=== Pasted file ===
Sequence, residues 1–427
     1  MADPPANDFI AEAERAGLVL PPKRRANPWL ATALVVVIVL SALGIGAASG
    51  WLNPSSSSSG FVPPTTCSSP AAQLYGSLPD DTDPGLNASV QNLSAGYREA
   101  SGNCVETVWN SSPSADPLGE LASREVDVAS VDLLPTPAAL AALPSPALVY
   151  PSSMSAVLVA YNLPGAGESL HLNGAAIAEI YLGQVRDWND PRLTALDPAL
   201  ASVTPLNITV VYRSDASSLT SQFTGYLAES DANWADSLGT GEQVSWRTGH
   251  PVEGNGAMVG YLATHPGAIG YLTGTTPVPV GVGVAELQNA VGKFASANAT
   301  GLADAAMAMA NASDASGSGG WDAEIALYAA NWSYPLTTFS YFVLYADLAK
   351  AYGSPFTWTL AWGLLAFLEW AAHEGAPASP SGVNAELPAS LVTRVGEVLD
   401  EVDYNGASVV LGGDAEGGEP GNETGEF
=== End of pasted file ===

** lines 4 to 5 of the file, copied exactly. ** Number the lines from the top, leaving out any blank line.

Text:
   101  SGNCVETVWN SSPSADPLGE LASREVDVAS VDLLPTPAAL AALPSPALVY
   151  PSSMSAVLVA YNLPGAGESL HLNGAAIAEI YLGQVRDWND PRLTALDPAL